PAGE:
Lisle native hikes 2,650-mile Pacific Crest Trail to help kids with cancer
Eric Montgomery was 20 miles into a 2,650-mile hike and the blisters on his feet already had begun to swell. That was Day 1; by the end of the week, he would be experiencing new -- and sharper -- foot pain.
Montgomery was alone in the wilderness of California and faced four months of solitude ahead. Even once his foot pain subsided, he would struggle with a lack of mental stimulation and the threat of lasting injury. In moments of doubt, Montgomery remembered why he was hiking.
The Pacific Crest Trail• The trail spans about 2,650 miles from the Mexico border through California, Oregon and Washington. It ends at the Canadian border.
• It crosses seven national parks, five state parks, 26 national forests and four national monuments.
• The average hiker takes five months to walk the entire trail.
Montgomery, who grew up in Lisle, dedicated his spring and summer before medical school to the Pacific Crest Trail and a cause dear to him, pediatric cancer. He created a campaign called Hike 4 Pennies to raise money for Project Open DIPG.
The Pacific Crest Trail stretches along the West Coast from the Mexico border to Canada. Montgomery trekked at least 20 miles a day through desert and forest, from the heat of Southern California to cold, snowy mountain tops. He started in March and finished in July.
Hiking the full PCT -- the trail detailed in the best-selling book and movie "Wild" -- had been a personal goal of Montgomery's as an undergrad at Pomona College in California. Raising money for pediatric brain cancer gave him another reason to do it.
"It seemed like a great idea to join two of my passions," Montgomery said. "I didn't realize the role of having an external (mission) would play. Obviously there's some really long days where you're out there by yourself ... and being able to draw back on the greater importance and relevance to the hike provided a lot of motivation."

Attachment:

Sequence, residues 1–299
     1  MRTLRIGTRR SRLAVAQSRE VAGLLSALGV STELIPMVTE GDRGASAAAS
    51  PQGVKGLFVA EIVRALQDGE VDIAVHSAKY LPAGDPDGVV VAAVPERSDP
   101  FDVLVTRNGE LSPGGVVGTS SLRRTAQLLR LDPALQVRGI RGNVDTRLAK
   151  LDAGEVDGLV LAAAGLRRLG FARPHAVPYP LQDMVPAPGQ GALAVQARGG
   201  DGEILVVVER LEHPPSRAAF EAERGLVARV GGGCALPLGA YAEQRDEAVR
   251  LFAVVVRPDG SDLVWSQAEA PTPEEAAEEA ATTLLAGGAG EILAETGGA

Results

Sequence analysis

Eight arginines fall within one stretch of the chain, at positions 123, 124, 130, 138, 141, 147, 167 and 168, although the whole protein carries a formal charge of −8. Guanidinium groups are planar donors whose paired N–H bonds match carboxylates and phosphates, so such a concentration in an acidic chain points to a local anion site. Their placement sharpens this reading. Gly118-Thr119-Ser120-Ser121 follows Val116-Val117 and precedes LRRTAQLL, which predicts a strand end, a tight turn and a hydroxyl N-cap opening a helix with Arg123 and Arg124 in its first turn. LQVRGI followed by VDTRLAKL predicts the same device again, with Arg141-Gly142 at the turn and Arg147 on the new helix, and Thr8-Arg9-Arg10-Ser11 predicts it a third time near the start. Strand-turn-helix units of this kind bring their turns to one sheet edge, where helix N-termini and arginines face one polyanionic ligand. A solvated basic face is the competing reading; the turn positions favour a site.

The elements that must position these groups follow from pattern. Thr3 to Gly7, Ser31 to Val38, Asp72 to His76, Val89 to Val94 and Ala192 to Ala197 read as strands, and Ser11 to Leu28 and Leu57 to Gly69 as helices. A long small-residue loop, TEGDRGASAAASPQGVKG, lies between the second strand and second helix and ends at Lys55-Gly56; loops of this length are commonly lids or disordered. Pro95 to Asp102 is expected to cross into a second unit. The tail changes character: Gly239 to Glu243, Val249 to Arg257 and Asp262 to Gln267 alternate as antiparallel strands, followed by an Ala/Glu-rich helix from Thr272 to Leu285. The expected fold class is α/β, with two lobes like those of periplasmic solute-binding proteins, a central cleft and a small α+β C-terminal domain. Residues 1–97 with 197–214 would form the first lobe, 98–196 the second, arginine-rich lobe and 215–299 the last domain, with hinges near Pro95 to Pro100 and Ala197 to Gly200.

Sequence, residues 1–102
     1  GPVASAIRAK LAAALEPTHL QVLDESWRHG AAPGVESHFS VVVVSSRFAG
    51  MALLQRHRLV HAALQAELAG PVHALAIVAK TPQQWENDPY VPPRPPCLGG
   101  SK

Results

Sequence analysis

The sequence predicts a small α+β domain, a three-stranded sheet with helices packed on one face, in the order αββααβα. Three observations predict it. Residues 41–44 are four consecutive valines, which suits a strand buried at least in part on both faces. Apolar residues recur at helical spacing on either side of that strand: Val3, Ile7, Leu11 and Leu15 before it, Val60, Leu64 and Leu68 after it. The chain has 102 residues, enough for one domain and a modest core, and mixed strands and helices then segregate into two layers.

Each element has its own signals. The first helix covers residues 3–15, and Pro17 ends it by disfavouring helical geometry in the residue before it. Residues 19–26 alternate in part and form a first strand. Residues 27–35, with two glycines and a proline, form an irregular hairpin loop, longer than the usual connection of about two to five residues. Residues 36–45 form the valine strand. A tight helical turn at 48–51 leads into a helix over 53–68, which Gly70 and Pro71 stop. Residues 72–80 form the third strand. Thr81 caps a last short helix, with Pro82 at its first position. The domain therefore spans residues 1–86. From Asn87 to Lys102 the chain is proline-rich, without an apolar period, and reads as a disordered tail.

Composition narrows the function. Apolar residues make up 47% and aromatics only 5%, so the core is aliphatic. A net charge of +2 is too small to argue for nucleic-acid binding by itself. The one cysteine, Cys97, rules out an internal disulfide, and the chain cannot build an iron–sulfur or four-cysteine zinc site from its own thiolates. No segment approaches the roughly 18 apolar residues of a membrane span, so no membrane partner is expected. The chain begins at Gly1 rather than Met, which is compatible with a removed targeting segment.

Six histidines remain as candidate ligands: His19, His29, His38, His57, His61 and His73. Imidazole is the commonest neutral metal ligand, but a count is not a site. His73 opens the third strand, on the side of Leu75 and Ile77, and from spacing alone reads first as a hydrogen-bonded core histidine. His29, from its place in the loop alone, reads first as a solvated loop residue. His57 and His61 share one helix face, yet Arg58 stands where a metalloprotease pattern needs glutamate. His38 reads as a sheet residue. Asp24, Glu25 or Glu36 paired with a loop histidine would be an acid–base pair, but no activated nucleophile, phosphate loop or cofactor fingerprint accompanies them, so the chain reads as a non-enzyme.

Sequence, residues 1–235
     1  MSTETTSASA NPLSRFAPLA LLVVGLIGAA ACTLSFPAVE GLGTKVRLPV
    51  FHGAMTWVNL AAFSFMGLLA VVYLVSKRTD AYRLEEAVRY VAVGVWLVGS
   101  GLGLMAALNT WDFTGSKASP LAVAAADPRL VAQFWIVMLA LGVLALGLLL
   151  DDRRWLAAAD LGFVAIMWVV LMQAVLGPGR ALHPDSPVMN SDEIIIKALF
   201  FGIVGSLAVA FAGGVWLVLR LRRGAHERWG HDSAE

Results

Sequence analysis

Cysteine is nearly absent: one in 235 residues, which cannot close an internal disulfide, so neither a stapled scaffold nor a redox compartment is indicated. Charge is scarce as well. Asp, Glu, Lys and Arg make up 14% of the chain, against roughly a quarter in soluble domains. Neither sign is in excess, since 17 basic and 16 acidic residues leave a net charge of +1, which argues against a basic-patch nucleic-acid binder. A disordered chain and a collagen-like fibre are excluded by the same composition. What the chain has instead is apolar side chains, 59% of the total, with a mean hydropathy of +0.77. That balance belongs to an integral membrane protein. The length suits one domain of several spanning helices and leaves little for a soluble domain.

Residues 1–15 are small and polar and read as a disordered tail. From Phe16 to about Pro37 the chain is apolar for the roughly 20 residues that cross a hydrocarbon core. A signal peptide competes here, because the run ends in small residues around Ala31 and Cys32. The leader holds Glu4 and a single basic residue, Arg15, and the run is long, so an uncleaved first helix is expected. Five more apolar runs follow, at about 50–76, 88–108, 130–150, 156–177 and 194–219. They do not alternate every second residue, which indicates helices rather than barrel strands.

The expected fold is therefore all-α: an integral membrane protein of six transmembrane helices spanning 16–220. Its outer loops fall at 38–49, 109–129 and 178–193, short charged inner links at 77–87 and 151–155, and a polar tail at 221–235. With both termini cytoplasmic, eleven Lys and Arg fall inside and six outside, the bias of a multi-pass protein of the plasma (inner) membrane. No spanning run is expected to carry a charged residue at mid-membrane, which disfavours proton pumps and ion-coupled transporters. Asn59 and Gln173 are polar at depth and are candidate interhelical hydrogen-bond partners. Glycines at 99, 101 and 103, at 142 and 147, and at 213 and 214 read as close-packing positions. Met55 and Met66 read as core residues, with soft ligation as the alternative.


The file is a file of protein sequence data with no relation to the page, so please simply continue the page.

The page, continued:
Project Open DIPG joins two consortia and unites more than 30 medical institutions to research and find a cure for diffuse intrinsic pontine gliomas, a childhood brain cancer that defies treatment. Less than 1 percent of children with DIPG survive for five years after diagnosis, according to the Defeat DIPG Foundation.
Montgomery hoped to raise at least 4 pennies for each of his 4.6 million steps, for a total of $185,000. The campaign has raised $127,000 so far, and donations can be made through fourpennies.org.
Hike 4 Pennies worked with Swifty Foundation, Pediatric Brain Tumor Foundation, Dragon Master Foundation and Kortney Rose Foundation to raise the funds.
Montgomery witnessed the hardships of childhood cancer firsthand through Michael Gustafson, his friend Ian's younger brother. Gustafson passed away from the aggressive brain cancer medulloblastoma at 15.
At the end of his life, Gustafson founded Swifty to help find a cure. The foundation raises funds and awareness for pediatric cancer research and supports initiatives to increase post-mortem tissue donations, a necessary component for research.
Kira Couch, a Swifty junior board member, believes Montgomery's trek is the most intense feat done to raise money with the foundation.
"I personally can't imagine giving up that much of my time to support something so much bigger than myself," Couch said. "I really commend Eric for the huge sacrifice he made. ... For Eric to do something like this and to recognize (the cause) in such a selfless way, it's almost like Michael is still here with us."
Montgomery is pursuing a career in the medical field to continue fighting cancer. He recently started his first year at UT Southwestern Medical Center.
Although he left for the four-month hike alone, the community formed through his fundraiser supported and followed his journey. Along the trail, Montgomery received questions from followers, and he answered them via videos posted to the campaign's website. Many questions were asked by elementary school classes.
"Eric was really thinking big picture on this, so not only trying to raise money but also spreading that awareness and bringing in the next generation," Couch said. "He was allowing young kids to be a part of his journey even though they weren't necessarily the donors."
Montgomery took a break from his hike to connect with a woman from California whose son passed away from DIPG. She introduced him to a broader DIPG community.
"Every person I interacted with from the community left a deep impression on me," Montgomery said. "It was a personal goal to hike the Pacific Crest Trail, but doing it every single day, by the end it felt a little bit selfish. ... It calmed my soul knowing it was benefiting other people."
After completing the hike, Montgomery visited the Children's Hospital of Philadelphia. There, he observed cancer research and saw the direct impact of the money he raised.
"There were a lot of long days on the trail where you get stuck in your own head," Montgomery said, "and that moment seeing the work they were doing, that was overwhelming to know this exactly is what it goes toward. It made a lot of long days and tireless hours of thinking wash away and help me know that it was worth it."